Salicylic Acid has always been my go-to for all kinds of acne. Blackheads. Whiteheads. Pimples. You name it. It gets rid of them all.
But now there’s a new kid on the skincare block. Azelaic Acid is said to treat acne just as well – and fade away your dark spots too. Should you make the switch?
Mmm…. Here’s all you need to know about Azelaic Acid vs Salicylic Acid and how to tell which one is right for YOU:
Azelaic Acid is made by the healthy bacteria that live on your skin.
This multitasker helps treat acne, hyperpigmentation, and even rosacea. Here are just a few of its benefits:
Salicylic Acid (a.k.a. BHA) is an exfoliant on steroids: it exfoliates the surface of your skin AND the inside of your pores. This makes it a fantastic option to remove whiteheads, blackheads, and anything that’s stuck in your pores.
Here are the benefits of using Salicylic Acid in your skincare routine:
Azelaic Acid VS Salicylic Acid: What’s The Difference?
Both Azelaic Acid and Salicylic Acid can treat acne – and cause purging in the process. They’re both exfoliants that help your skin shed the superficial layers of dead skin cells faster.
As those superficial layers are removed, the pimples that were hiding underneath come to the surface sooner.
In other words, exfoliants do NOT cause acne. Those pimples would have appeared anyway. Purging made them appear faster, so you can clear up your skin faster.
So, what’s the difference? Azelaic Acid is the gentler of the two. It’s usually well-tolerated even by people with sensitive skin who can’t use any other type of exfoliant.
Want an effective skincare routine that tackles BOTH acne and premature aging? Download your FREE “Best Acne + Anti-Aging Skincare Routine” cheatsheet to get started (it includes both product recommendations + right application order):
Who Should Use Salicylic Acid?
Because Salicylic Acid regulates the production of sebum, it’s more suitable for oily skin.
Who Should Use Azelaic Acid?
Azelaic Acid is the better option for you IF:
- You’re also dealing with dark spots – Azelaic Acid can clear them much faster than Salicylic Acid
- Your skin is so sensitive, it can’t tolerate Salicylic Acid
Can You Use Azelaic Acid and Salicylic Acid Together?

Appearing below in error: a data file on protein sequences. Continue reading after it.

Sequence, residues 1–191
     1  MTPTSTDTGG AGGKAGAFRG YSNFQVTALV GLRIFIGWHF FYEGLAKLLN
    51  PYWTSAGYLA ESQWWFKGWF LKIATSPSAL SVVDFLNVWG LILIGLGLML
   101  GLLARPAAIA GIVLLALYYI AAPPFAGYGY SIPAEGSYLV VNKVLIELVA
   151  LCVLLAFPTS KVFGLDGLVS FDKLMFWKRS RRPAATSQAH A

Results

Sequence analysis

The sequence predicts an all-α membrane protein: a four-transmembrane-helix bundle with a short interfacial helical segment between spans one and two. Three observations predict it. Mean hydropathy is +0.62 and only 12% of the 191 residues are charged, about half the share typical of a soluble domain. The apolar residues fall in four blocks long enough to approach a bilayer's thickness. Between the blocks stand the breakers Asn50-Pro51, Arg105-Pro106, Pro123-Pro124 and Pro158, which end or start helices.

Can’t decide if you should use Azelaic Acid or Salicylic Acid? You can use them both.
A 2019 study shows that using both Azelaic Acid and Salicylic Acid together is effective at treating inflammatory acne.
But, is it a good idea to do so? As a skincare rule, the stronger the treatment, the higher the potential for irritation. Using Azelaic Acid and Salicylic Acid together may give you faster results, but it may also increase the risk of dryness and irritation.
If your skin is sensitive, my recommendation is to stick to Azelaic Acid only. Anyone else, I recommend you opt for Salicylic Acid and, if after a few months of use, you don’t see satisfying results, add Azelaic Acid to the mix.
How To Use Azelaic Acid and Salicylic Acid Together
I’m not a fan of using two separate products, one with Azelaic Acid and one with Salicylic Acid. These products are formulated to provide maximum effectiveness on their own. When you layer them, the risk of irritation is higher.
If you decide to go down this route and use two separate products, use them on alternate days. One day Salicylic Acid and one day Azelaic Acid. This gives you the best of both worlds while minimising the risk of irritation.
I also recommend you introduce them into your routine one at a time, at least a month apart. That way, if one of them gives you a negative reaction, you’ll know what the culprit is and can toss it immediately.
A safer bet is to use a product that has both Azelaic Acid and Salicylic Acid, like Paula’s Choice 10% Azelaic Acid Booster. They’re formulated to work synergistically together for faster results and lower risk of irritation.
The Bottom Line
Both Azelaic Acid and Salicylic Acid are excellent options for treating acne. Azelaic Acid is better for sensitive skin or anyone dealing with dark spots too. Salicylic Acid, on the other hand, works better for oily skin. If your skin is very resistant, you may also be able to use them together.
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